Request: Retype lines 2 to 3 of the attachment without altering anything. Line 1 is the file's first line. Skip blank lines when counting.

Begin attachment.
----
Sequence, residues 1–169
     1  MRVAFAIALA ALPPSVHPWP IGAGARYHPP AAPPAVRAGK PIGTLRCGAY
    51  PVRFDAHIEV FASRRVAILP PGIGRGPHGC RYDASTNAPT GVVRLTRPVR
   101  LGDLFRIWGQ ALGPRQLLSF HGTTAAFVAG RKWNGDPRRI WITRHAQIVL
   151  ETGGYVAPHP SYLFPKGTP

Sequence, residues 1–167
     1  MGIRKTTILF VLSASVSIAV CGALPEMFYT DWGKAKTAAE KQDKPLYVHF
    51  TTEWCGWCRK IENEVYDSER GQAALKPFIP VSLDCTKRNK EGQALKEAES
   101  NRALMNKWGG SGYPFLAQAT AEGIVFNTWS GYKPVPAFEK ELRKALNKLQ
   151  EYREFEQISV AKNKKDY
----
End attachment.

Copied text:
     1  MRVAFAIALA ALPPSVHPWP IGAGARYHPP AAPPAVRAGK PIGTLRCGAY
    51  PVRFDAHIEV FASRRVAILP PGIGRGPHGC RYDASTNAPT GVVRLTRPVR